Originally posted by sonhouse
And by extension from the tone of this post, also you, right? Do you consider yourself retired? You seem to have lived an exceptionally rich and gifted life and I would think you would think total retirement anathema to your life. I think you would just go after other goals. Maybe back to theater? Or never left?
I am no longer a teenager (when I was most interested in IMO-type problems), and I
would feel silly if I attempted to act exactly like I was then. Life has inevitably changed
me, even if I could almost squeeze into some of the clothes that I wore back then.
My point is that even some exceptionally mathematically gifted people choose not to
become professional mathematicians for the rest of their lives. Indeed, it seems to be
becoming less common for someone to stick to the same career path from youth to retirement.
Many participants in the IMOs don't choose careers in mathematics or even in the
branches of science or engineering in which applied mathematics is important.
A member of the one of the earliest US teams in the IMOs decided not even to major
in mathematics as an undergraduate, preferring history instead. After decades of
working outside mathematics, however, in his middle-age he returned to it and earned a PhD.
By the way, one of his American teammates at the IMO did not get the opportunity to
make any contribution to mathematics because he died in an accident soon after it.
Some people used to scold me by telling me that if I finally decided to concentrate on
only one field (out of several), then I had the potential (I wish!) for greatness in that field.
I sincerely doubt that I could have become a great mathematician, though I could be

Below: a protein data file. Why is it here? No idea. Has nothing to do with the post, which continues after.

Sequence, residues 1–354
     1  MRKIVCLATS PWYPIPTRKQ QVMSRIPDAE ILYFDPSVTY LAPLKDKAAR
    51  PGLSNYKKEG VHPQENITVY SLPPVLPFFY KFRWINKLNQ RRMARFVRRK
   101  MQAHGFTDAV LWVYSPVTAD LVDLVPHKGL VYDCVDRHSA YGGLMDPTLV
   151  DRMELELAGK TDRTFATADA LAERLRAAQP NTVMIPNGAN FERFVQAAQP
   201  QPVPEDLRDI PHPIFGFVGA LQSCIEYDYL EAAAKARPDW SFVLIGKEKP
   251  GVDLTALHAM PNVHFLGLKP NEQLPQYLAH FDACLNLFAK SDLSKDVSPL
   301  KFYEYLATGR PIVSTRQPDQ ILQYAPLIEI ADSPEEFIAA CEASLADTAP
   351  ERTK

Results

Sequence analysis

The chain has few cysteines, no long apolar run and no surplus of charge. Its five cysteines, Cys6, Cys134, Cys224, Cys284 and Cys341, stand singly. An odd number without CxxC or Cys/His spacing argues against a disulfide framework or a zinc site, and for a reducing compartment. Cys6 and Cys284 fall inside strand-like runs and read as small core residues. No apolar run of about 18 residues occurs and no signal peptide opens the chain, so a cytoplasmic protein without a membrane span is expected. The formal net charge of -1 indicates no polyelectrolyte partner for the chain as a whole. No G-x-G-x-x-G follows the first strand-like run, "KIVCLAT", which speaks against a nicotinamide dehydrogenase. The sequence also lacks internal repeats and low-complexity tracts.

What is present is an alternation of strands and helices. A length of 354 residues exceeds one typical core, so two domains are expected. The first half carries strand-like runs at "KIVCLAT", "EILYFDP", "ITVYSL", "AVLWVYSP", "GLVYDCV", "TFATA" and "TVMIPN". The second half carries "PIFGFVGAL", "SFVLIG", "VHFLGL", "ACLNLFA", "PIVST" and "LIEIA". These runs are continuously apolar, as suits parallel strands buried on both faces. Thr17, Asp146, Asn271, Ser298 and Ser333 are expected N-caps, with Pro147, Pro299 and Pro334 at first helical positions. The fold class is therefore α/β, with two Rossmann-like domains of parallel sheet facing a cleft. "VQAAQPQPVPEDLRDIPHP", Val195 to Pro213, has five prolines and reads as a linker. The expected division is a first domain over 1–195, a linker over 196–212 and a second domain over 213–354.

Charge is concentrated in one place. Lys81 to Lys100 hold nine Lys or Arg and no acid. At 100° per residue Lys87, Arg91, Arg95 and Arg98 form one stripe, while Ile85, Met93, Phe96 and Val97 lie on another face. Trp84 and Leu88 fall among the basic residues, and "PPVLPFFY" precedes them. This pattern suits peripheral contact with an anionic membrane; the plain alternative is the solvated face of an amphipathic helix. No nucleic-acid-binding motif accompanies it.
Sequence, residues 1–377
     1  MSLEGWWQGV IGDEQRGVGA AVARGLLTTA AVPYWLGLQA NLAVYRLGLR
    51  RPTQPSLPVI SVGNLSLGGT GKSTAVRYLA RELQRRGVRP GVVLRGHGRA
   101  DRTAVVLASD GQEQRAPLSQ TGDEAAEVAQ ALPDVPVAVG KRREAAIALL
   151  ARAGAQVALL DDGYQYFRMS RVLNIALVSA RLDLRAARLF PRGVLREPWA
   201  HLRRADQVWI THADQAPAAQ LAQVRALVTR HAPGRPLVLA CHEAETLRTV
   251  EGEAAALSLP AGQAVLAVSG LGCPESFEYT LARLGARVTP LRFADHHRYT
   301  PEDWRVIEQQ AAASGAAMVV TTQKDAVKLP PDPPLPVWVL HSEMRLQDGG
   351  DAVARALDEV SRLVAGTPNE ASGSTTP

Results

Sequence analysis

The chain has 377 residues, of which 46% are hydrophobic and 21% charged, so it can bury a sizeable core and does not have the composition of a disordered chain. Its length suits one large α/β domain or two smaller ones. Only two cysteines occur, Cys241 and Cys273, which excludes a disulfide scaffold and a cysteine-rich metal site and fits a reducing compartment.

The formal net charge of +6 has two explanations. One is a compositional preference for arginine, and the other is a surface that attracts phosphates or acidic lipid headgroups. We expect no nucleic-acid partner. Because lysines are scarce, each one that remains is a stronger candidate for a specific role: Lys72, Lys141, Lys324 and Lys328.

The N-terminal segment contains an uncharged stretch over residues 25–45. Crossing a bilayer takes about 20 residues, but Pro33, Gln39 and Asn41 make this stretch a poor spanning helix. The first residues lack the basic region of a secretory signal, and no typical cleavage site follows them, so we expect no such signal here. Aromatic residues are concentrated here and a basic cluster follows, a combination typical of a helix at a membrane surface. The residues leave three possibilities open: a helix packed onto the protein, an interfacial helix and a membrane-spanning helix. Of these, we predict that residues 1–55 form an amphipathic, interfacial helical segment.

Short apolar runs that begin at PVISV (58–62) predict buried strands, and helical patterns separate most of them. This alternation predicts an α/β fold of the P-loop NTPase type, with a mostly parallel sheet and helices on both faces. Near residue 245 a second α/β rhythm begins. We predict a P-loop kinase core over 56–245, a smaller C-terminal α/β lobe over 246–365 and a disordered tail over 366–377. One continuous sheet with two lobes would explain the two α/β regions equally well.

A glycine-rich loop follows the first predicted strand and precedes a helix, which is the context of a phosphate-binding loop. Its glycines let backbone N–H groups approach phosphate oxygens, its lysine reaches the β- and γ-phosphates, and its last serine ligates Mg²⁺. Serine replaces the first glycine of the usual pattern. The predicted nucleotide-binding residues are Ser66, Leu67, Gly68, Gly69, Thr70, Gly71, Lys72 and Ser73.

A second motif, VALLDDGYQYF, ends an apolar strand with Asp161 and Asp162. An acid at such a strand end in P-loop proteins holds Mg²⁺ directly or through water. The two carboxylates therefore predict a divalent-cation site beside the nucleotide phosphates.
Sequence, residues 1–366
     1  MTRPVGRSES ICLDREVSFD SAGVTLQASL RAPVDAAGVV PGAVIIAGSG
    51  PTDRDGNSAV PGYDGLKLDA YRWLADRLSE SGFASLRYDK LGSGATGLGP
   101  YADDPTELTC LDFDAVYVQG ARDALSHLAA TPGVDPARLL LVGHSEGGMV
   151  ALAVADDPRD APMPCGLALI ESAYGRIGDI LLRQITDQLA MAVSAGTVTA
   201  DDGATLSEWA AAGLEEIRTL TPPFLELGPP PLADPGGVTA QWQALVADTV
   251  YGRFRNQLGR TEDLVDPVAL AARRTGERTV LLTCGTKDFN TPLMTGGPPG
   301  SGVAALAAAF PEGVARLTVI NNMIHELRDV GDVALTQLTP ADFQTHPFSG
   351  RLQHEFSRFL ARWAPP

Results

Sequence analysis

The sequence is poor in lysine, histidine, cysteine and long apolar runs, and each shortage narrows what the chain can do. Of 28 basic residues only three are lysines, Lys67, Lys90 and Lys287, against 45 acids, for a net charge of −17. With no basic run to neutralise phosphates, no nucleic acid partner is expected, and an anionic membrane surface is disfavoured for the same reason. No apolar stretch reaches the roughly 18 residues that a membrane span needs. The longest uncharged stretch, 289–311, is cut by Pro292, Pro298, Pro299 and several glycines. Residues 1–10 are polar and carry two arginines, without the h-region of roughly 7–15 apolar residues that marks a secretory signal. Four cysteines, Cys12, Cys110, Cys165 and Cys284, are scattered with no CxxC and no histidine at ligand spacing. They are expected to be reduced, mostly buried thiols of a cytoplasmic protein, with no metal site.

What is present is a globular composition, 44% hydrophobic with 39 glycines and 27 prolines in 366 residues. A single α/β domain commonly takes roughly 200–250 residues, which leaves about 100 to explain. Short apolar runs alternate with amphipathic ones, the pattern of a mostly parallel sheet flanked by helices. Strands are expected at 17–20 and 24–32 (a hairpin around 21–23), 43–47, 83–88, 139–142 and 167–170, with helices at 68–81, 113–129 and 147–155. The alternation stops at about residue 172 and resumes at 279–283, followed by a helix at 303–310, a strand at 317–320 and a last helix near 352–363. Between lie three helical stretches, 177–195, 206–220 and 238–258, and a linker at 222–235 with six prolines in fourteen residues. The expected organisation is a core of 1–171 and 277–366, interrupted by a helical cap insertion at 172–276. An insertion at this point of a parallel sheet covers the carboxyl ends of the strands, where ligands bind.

technically clever sometimes, because I lacked confidence in my creative potential
and, more importantly, I simply was not obsessed by it. It was not quite my passion.
Even if I had most of what was needed for greatness, I felt that I did not have everything needed.
And I lacked the ambition or the courage to work very hard unless I expected likely success.
I cannot say if I made the 'right' choice or even if there objectively was a 'right' choice.
I tended to enjoy exploring different fields (sometimes entering them by accident)
and becoming fairly good (better than most more experienced people) without really
making that much of an effort to develop my natural talent. I can say that I have become
good enough to return the ball most of the time in my exchanges with professionals.
In my view, one reason why fewer women become great in mathematics (or some other
fields) is that women tend to be less obsessive than men. By culture, if not by nature,
women seem better at multitasking, juggling several balls with only one pair of hands.
It's not unusual for a young woman to have to make a practical choice between pursuing
a PhD and having a baby, and if she unexpectedly falls pregnant, sometimes the choice
is made for her if she feels unable to go through with an abortion. Looking back on
their lives, do many women wish that they never had any children in order that they
could have had more opportunities to pursue their intellectual or artistic careers?
Andrew Wiles succeeded in proving (after building upon others' work) Fermat's Last Theorem
because he spent seven years devoting his life to that quest, while his family's other needs
were being care of. What would most people say of a woman who dared to make a similar decision?
Most likely that she was insanely selfish or 'unnatural' in devoting her life to contemplating
an abstraction rather than fulfilling herself though intimate matters of flesh-and-blood.
As the shadows lengthen in my day, however, I am glad to know some people who admire,
like, or even love me for being who I am, while not envying those women who may
happen to be a bit smarter, wiser, or prettier--or much richer.